I have written several articles concerning the idea of biculturalism and why it’s time to retire the term. However, there was a time when biculturalism was one of Dual Language Education’s recognized goals, and therefore, many well-meaning educators continue to use the word. So in this post, let’s further explore what biculturalism really means and the difficulties of achieving this elusive goal.
Meaning of Biculturalism
First, when we research what the term biculturalism really means, we quickly come to understand why biculturalism was replaced with sociocultural competence. University of Texas Education Professor Seth J. Schwartz and Professor of Preventative Medicine at University of Southern California Jennifer Unger define biculturalism as “proficiency” and “comfort” with “both one’s heritage culture and the culture of the country or region in which one has settled.” One problem with this definition is that we cannot define “proficiency” when it comes to culture.
Culture is the way in which a group of people do things that helps them identify as members of that group (Jandt, 2016). For instance, American culture is supposedly that which we do in the United States to identify as “Americans*.” However, culture does not exist as a monolithic entity in any country including within the United States. For instance, while we may think that there is an “American” culture, there are in actuality, many “American” cultures. For example, the New England culture is different from West Coast culture, which is different from the Midwestern culture, which is different from the Southwestern culture, which in turn is different from the Southern culture although all of them reside under the larger umbrella of the so-called “American” culture. (Of course, as a Texan, I must state that there is a Texas culture that is different than all of the cultures just mentioned.) Then, there are the cultures that belong to the different ethnicities, religions, denominations, and socioeconomic classes that reside within the United States. Even age defines culture. The Gen Z youth culture within the American culture strongly differs from the Baby Boomer, “American” culture. So what do we really mean when we say “American” culture?
Similarly, every country has its own nuances in culture. As an Indian descent American, my Tamil culture is different from the North Indian culture. The foods I eat, the language I speak, and the holidays I celebrate are not always the same as those who trace their heritage to the Northern part of the country. And even within the Tamil population in India, there are nuances in language, holidays, and food depending upon religion, level of urbanization, and socioeconomic status. Generational, ethnic, religious, and economic differences in cultures also exist. And of course, there is a youth culture in every country to which our students may never be exposed to if they don’t have opportunities to associate with same age peers who are growing up in their heritage culture. For example, when talking to those of my own age group who grew up in India, they often find my cultural outlook old fashioned. Why? Because my heritage culture froze when my parents immigrated. My parents often told me that something was the “Indian way” of doing things, and they were correct… in the 1970s. I, however, grew up in the 1990s. This anachronism is a common occurrence among immigrants around the world.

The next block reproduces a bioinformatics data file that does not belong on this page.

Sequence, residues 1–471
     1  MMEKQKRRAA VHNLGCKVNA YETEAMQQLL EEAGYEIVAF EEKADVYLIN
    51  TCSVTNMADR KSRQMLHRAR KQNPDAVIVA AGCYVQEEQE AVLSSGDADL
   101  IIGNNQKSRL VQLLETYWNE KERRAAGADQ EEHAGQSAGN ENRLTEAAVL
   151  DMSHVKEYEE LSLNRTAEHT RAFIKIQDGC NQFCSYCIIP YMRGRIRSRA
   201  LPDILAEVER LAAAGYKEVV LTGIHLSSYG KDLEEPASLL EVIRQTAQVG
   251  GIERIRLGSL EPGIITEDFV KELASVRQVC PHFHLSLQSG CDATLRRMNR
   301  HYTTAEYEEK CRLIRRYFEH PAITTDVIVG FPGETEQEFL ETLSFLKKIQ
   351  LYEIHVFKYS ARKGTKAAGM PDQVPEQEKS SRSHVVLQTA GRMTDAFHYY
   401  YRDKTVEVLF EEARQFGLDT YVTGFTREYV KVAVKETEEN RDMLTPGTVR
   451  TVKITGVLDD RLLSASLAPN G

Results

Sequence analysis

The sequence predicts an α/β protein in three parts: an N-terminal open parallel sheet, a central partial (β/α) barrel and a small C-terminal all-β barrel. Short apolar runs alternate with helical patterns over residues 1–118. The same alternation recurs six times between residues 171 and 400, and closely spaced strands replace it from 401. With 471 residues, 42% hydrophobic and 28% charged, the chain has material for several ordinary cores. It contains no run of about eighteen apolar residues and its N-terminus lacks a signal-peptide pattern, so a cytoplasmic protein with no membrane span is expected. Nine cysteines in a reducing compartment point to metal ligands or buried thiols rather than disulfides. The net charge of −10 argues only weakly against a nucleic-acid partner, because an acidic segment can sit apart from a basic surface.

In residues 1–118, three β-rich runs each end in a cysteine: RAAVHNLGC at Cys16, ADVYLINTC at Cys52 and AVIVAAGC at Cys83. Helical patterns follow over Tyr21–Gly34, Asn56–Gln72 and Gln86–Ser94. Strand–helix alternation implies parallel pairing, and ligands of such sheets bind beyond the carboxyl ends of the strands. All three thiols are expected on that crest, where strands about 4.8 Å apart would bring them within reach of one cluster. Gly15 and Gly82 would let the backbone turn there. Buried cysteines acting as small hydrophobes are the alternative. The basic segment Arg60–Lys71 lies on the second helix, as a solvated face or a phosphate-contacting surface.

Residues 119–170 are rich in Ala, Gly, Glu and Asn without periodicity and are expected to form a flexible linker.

So when we talk about being proficient in one’s “heritage culture,” and in the “culture of the country in which one has settled,” in which of the many cultures within these lands are we demanding proficiency from our students?
Let’s be honest. As educators, we are used to measuring data on tests. We look for proficiency in language, reading, and math skills. Our charts have students in red, yellow, and green, and we hope to prove our own teaching prowess by seeing a sea of green. Yet, we cannot measure culture the same way.
We have to move away from the idea of “biculturalism” to transcultural acculturation, which is the process of helping our students/children understand that they belong to multiple identity groups and that they have a unique mix of characteristics from each of those identity groups that should be honored and celebrated. This is the first step of sociocultural competence… understanding identity.
In Moving From Bicultural to Transculturation Acculturation, I provide specific activities for teachers and parents to do with their students to encourage transcultural acculturation. I encourage you to explore these activities. However, if you were only able to fit in one activity to do with your students to support their process of transcultural acculturation, let it be having nonjudgmental conversations with your students. Encourage identity moratorium or the search for one’s true identity through these talks. Let them know that you are there to support them as they explore their cultural identities and that it is okay not to feel completely here (in the country where they are growing up) nor there (where their parents or caregivers grew up). And during those conversations, never commit the microaggression of choosing your students’ identities for them. Your job is to facilitate identity moratorium, not to resolve it. Ultimately, those conversations can make a difference whether or not your students will become socio-culturally competent or not, which is in fact a current pillar of Dual Language Education.
Next week, we will be talking about the Seal of Biliteracy and its role in Social Justice. If you liked this week’s post, please comment below and consider subscribing to the blog.